Decoding transcriptional repressor complexes in the adult central nervous system

Megumi Adachi, Lisa M Monteggia

Research output: Contribution to journalReview article

18 Scopus citations

Abstract

Cells maintain precise gene expression by balancing transcriptional activation and repression. While much work has focused on elucidating transcriptional activation in the central nervous system (CNS), little is known about transcriptional repression. One means to repress gene expression is to initiate binding of transcription factors to DNA, which then recruit co-repressors as well as other accessory proteins, forming a multi-protein repressor complex. These multi-protein repressor complexes include histone modifying enzymes that trigger processes such as histone acetylation, methylation, and ubiquitylation, altering chromatin structures to impact gene expression. Within these complexes transcriptional repressor proteins per se do not exhibit enzymatic reactions to remodel chromatin structure, whereas histone modifying enzymes lack intrinsic DNA binding activity but have an ability to process post-translational modifications on histones. Thus, the mutual association between transcriptional repressors and histone modifying enzymes is essential to sculpt chromatin to favor transcriptional repression and down regulate gene expression. Additionally, co-repressors are integral components in the context of gene repression as they bridge the association of transcriptional repressors and histone modifying enzymes. In this review, we will discuss the roles of some of the major components of these repressor complex in the CNS as well as their cellular functions that may underlie fundamental behavior in animals. This article is part of the Special Issue entitled 'Neuroepigenetic Disorders'.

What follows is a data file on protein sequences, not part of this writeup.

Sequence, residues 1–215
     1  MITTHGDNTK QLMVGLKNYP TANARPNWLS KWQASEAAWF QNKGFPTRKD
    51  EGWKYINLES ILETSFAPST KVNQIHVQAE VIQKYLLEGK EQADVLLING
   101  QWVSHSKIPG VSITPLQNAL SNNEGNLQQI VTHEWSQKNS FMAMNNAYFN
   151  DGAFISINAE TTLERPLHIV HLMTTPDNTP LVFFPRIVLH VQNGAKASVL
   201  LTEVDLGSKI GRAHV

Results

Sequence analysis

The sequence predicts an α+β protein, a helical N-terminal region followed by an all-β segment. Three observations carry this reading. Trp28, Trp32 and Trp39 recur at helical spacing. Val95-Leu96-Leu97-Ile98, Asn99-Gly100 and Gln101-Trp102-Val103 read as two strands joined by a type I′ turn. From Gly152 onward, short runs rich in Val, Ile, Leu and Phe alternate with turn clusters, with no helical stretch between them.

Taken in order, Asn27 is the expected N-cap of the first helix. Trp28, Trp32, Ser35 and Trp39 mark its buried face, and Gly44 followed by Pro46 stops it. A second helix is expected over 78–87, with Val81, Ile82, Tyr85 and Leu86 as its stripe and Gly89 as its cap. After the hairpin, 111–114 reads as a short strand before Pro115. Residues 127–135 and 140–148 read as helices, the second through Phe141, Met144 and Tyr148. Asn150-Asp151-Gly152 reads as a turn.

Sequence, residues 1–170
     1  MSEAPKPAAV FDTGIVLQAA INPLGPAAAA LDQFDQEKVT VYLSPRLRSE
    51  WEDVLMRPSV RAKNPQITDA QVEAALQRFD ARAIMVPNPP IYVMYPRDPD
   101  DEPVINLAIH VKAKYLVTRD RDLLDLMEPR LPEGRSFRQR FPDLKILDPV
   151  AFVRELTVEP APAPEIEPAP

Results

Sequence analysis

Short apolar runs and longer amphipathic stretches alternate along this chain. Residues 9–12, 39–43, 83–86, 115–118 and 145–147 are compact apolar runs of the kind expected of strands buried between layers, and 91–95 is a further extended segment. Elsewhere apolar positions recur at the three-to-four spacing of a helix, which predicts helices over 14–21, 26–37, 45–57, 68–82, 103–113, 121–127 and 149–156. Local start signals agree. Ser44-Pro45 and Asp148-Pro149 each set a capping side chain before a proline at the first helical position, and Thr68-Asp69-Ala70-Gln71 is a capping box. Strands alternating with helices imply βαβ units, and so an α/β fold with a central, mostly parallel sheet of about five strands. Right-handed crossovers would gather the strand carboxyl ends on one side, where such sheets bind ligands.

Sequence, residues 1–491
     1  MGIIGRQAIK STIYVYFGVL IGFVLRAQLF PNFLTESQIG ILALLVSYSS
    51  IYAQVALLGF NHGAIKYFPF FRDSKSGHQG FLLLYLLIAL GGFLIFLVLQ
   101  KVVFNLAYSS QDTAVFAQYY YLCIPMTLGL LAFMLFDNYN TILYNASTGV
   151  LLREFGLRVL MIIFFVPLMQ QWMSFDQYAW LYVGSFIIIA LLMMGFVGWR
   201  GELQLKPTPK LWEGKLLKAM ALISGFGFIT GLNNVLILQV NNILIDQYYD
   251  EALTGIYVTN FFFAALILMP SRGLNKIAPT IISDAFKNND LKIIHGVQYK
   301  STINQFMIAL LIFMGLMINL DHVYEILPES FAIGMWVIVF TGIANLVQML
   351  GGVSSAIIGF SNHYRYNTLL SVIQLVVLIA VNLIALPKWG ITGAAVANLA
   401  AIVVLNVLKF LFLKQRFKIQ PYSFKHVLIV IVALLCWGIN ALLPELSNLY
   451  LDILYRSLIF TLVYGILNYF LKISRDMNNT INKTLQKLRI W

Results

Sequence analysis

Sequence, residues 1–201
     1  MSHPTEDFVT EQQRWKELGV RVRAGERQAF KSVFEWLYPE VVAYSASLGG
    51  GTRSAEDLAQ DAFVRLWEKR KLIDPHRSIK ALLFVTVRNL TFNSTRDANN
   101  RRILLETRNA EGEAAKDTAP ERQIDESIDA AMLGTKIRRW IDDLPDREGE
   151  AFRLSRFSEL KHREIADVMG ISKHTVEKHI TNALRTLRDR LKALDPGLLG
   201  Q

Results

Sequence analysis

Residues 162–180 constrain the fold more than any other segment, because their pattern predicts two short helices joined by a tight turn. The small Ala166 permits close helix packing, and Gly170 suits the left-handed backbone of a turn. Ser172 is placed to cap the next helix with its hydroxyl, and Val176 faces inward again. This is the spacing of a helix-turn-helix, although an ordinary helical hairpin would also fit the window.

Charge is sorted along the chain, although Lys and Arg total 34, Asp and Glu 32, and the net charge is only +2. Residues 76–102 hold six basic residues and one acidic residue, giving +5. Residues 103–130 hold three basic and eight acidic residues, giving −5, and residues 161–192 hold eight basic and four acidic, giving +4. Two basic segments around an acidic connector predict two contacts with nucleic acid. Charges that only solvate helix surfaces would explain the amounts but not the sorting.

Original languageEnglish (US)
Pages (from-to)45-52
Number of pages8
JournalNeuropharmacology
Volume80
DOIs
StatePublished - May 2014

Keywords

  • Behavior
  • CNS
  • HDACs
  • MeCP2
  • REST
  • Synapse
  • Transcription

ASJC Scopus subject areas

  • Pharmacology
  • Cellular and Molecular Neuroscience

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